The modern utilization of wave energy is a costly endeavor thus its low uptake. It involves capturing ocean surface waves to perform various useful tasks such as pumping water, desalination and electricity generation.

8. Hydrogen gas

Hydrogen energy is produced today by combining hydrogen and oxygen molecules (obtained from water through a process called electrolysis) and generating electrical current.

Hydrogen energy has also been embraced in the automotive industry with the invention of the hydrogen fuel cells that are powering electric cars. Today, we have about 40 hydrogen refueling stations in the Unites States.

9. Tidal energy

Tidal energy is an abundant source of clean power and its potential is highly underutilized.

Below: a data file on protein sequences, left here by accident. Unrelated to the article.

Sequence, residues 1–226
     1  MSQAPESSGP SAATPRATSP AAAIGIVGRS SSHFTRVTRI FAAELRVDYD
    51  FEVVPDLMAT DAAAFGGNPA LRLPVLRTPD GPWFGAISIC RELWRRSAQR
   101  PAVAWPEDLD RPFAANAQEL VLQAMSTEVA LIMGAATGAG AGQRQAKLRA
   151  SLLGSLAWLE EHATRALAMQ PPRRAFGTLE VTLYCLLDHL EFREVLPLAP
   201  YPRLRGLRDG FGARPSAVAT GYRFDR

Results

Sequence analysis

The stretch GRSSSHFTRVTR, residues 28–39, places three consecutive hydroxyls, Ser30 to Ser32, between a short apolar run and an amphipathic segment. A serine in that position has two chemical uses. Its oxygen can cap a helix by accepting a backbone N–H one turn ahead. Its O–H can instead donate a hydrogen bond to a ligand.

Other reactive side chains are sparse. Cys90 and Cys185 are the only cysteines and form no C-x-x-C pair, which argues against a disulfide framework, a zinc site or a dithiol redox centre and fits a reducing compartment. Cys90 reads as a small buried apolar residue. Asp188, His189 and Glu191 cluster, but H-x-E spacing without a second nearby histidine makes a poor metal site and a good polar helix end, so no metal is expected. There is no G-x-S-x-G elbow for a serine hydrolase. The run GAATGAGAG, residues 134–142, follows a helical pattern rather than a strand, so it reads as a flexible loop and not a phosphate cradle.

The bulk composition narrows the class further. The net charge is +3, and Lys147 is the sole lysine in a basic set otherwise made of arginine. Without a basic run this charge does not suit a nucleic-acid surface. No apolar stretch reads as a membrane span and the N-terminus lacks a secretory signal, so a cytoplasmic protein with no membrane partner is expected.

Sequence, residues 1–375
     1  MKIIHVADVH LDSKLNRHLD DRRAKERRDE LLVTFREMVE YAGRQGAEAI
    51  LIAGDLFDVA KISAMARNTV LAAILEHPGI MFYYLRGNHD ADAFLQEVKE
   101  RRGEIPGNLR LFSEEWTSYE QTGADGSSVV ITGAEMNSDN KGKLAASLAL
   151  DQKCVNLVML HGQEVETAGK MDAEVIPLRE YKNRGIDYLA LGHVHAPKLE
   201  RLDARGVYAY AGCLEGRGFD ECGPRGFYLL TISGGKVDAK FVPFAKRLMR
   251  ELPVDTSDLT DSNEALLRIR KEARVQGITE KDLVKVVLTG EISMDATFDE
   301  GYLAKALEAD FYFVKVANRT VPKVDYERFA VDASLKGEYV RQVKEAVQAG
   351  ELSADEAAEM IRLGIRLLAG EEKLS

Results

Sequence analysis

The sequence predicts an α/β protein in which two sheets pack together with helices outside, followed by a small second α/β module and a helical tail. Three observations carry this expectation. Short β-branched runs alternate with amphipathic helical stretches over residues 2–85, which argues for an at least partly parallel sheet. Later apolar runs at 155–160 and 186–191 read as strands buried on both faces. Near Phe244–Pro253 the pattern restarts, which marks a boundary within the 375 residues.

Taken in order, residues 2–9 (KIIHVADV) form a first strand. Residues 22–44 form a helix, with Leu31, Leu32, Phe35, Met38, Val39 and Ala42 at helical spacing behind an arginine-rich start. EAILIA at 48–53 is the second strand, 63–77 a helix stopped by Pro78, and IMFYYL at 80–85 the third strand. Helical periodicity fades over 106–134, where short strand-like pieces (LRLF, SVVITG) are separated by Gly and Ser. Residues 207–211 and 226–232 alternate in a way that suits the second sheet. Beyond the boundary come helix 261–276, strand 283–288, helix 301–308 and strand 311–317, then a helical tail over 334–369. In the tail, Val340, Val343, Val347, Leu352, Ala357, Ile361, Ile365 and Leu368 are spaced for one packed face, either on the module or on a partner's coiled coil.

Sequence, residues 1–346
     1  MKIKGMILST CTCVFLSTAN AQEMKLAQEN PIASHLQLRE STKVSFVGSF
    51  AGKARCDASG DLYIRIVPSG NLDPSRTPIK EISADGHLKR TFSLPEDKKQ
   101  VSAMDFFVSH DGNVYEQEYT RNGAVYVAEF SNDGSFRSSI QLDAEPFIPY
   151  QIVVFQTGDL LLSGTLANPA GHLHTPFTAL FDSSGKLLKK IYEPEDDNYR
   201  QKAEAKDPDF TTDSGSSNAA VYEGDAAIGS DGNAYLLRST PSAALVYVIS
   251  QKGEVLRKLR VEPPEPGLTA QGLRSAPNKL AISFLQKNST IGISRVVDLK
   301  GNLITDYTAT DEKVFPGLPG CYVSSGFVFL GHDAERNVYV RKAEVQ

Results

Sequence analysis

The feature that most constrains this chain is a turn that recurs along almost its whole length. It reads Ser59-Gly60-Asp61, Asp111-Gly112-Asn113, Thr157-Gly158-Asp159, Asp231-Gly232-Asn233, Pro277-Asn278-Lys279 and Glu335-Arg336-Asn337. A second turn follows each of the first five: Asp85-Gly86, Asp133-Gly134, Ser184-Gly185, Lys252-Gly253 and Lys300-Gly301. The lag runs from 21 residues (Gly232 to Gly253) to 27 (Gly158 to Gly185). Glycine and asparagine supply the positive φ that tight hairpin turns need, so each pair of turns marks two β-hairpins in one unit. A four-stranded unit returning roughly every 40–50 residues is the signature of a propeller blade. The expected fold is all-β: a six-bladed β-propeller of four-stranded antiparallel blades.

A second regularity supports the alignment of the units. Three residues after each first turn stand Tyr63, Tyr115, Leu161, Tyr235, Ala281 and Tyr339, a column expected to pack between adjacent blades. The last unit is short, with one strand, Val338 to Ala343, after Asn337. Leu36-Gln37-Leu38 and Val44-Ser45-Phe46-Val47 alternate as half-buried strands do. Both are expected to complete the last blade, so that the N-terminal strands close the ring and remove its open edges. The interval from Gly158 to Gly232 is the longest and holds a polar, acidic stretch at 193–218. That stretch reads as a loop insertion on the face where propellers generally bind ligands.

Tides on our planet are produced by the gravitational forces (combined) of the Sun, Moon and our planet.

The Sun and the Moon are pulling the water upwards, while the Earth’s gravitational force is pulling the water downwards, and this movement creates kinetic energy that is used to spin powerful underwater turbines and produce electric power.


Conventional sources of energy are no longer a viable solution for the future of mankind, and this is the reason why we need to develop the generation capacity for clean, renewable and free sources of power.

Article written by:

I write about the renewable energy sector, electric cars and climate change issues. I love nature and good food, so I travel all over the world to see new places and meet new people. Magda Savin